Here is where you perhaps need a degree in astro phyiscs to really get to the nub of any potential problems. It's amazing how the bell material can change the overall sound of an instrument dramatically. The yellow brass bell on the instrument we used gives a bright vibrant sound whilst the heavier gold brass bell we were informed produces a richer sound. A further option is to have no bell rim, creating a more punchy and cutting sound, but our guinea pig felt that there was little need for that unless you were confining yourself to more avant garde repertiore day in day out.
We found that the yellow bell gave a pleasing, but almost neutral sound and we felt that perhaps the heavier gold brass bell would be ideal for the vast majority of players. That said, a top notch performer could ‘mould' the sound if they so wished. It may sound like splitting of hairs, but for this price you want something that can do the very best possible job.
With that in mind the ultimate choice would be the heavy gold brass option which helps to create a rich, warm and sonorous sound and can be achieved with minimal tongue production. It is difficult to criticise the instrument as there is so much of a choice available, so all we can recommend is that you take your time and try and few options.
The Sterling euphonium has the ability to sing over the top of the band where appropriate whilst at the same time being able to blend with any section as required. It is a remarkably easy instrument to blow and can take a fair old amount of air pumped through it before it even sounds as if it has reached its limit. At the other end of the scale even the ‘squeeky bum' moments see the instrument secure and sounding like it should and not a baritone on steroids.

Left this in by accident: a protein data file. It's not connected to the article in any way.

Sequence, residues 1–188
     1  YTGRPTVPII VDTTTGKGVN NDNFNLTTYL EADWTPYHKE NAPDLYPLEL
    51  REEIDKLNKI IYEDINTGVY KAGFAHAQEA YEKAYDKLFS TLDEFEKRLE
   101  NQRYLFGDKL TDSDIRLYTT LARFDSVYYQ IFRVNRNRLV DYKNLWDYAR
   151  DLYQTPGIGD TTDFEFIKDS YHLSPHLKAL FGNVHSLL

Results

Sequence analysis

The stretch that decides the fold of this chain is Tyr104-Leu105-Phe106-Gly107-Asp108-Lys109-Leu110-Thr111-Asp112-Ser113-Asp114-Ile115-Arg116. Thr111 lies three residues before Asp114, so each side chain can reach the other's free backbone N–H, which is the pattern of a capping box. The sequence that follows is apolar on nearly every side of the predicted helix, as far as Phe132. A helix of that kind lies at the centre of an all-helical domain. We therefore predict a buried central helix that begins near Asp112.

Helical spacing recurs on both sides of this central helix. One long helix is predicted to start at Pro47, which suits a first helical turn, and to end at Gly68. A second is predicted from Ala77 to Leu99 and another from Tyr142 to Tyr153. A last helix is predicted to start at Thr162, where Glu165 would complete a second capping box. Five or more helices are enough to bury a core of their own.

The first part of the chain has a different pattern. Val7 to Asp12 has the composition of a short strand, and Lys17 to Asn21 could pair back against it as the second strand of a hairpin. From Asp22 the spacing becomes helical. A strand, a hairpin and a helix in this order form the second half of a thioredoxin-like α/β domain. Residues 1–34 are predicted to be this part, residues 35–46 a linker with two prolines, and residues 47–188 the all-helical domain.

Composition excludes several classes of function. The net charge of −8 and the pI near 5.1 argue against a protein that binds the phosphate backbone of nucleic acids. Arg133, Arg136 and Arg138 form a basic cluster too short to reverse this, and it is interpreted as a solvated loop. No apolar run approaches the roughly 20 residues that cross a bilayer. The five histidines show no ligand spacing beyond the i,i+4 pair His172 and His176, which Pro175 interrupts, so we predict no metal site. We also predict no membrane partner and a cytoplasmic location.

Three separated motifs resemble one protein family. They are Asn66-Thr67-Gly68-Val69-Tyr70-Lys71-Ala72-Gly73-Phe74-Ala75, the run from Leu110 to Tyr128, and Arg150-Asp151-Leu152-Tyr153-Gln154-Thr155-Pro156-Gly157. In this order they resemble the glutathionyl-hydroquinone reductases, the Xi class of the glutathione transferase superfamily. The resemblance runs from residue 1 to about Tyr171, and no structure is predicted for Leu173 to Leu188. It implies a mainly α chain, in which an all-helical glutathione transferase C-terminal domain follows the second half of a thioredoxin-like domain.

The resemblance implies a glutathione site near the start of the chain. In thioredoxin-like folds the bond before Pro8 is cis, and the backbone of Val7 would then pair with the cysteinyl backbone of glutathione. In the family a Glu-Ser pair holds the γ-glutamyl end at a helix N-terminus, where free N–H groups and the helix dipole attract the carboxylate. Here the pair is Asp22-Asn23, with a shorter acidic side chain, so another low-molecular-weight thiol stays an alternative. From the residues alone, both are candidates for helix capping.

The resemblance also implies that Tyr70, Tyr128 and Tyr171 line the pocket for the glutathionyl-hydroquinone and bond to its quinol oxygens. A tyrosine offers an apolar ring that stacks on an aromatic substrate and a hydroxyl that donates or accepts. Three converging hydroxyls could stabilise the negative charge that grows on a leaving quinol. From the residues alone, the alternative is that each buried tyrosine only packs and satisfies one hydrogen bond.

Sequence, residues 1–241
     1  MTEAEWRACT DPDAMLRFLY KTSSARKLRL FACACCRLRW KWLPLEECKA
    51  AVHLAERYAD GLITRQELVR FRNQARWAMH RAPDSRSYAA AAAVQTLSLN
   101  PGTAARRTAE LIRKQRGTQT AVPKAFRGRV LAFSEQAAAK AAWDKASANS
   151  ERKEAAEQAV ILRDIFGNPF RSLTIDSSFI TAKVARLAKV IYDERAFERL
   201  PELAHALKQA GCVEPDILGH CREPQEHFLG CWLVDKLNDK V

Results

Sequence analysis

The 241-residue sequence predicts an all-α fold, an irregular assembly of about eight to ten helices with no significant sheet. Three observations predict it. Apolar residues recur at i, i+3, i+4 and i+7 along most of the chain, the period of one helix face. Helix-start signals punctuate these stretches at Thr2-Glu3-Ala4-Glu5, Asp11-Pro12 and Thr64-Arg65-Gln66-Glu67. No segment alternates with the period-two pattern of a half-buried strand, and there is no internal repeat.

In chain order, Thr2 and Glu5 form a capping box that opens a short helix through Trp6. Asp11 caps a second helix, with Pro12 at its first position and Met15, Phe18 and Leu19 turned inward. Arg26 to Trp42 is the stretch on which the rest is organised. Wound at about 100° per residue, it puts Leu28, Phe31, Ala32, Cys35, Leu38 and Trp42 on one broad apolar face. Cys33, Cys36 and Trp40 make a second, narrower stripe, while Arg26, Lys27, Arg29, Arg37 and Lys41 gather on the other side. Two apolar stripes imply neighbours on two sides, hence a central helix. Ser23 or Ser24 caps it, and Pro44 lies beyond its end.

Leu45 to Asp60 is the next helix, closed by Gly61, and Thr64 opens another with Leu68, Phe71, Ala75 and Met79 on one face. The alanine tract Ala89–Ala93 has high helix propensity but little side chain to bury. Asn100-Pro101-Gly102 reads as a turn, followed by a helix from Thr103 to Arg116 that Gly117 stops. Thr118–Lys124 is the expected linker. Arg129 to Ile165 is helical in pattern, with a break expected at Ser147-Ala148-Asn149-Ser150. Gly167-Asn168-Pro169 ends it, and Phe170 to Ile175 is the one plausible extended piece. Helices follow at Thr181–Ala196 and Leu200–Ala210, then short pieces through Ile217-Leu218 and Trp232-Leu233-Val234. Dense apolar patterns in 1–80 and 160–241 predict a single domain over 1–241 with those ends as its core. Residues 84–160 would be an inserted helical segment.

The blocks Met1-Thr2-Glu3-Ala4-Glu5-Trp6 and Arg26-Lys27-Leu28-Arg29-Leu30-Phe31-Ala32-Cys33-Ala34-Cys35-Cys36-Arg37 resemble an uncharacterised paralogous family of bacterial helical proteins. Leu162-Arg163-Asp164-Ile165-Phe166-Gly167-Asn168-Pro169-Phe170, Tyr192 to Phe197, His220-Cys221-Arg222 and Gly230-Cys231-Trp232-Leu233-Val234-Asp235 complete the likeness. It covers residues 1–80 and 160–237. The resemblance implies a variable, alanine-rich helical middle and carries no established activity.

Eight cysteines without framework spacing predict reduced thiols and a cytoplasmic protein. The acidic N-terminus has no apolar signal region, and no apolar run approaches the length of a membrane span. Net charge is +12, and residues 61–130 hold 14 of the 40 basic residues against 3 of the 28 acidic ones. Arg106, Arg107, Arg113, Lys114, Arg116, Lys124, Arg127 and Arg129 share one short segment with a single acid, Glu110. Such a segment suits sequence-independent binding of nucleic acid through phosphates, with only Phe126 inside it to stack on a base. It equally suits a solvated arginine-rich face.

Overall: Another impressive showing indeed.
Overall Performance/Value for Money:
The Sterling is not a cheap option, but which quality instrument is these days? This is a very fine instrument indeed and one that should be considered by players when considering a change of euphonium. We do like the list of options and choices that can be made to tailor the instrument to your needs, but beware. Just having an instrument that looks the part doesn't make you a better player. To get the most out of the Virtuoso you will need to have mastered the basics (and more) to appreciate what it can do for you.
It is supplied in a sturdy, zip up hard case with a useful inner compartment and outer music pocket, which to be honest is the least you should expect when you are forking out the type of money which can nowadays buy you a very reliable seocnd hand car.
Overall: Its performance marks it in the top echelon of instruments that are currently on the market, but as we have said, it is aimed that way. It is though a very high quality product, superbly engineered and delivering a performance that earmarks it as a serious choice to consider for players with serious performance intent.
This is a well built, sturdy instrument with a lightening valve action producing a traditional sound that all euphonium players would gladly die for. It is expensive with rivals such as the Prestige and Yamaha Custom over a grand cheaper if you shop around. However, as we have said, you do get what you pay for with this instrument - and that is a great deal for your money.
The Sterling euphonium, given the chance, could rapidly see itself become the market leader.
TOTAL MARKS: 91/100
Sterling Virtuoso Euphonium
Sole Distributor Fred Rhodes Ltd
Bell diameter: 300mm
Bore: 1st, 2nd, 3rd: 15.00mm
Finish: Bright silver plate with 24ct gold plated slides and fittings
Valves: Stainless Steel Pistons
Compensating system: Automatic
Bell: Red brass, standard/heavy* gauge- Yellow brass, standard/heavy gauge- Copper- Sterling Silver- Rimless, no turn over. Very strong, punchy sound, ideal for jazz, solo work.
Bottom Bow: *With protection cap and guard wireGuard wire only
Branch: *With protection cap and guard wireGuard wire only
Hand Grip: Can be positioned to suit
Mouthpipe: *Off bell, with centre braceOff bell, no centre braceSoldered onto bell
Bottom caps: Standard or heavy
Main Tuning Slide: Trigger option
2nd Slide: Pull ring or amado water key
Braces: Positioned to your requirements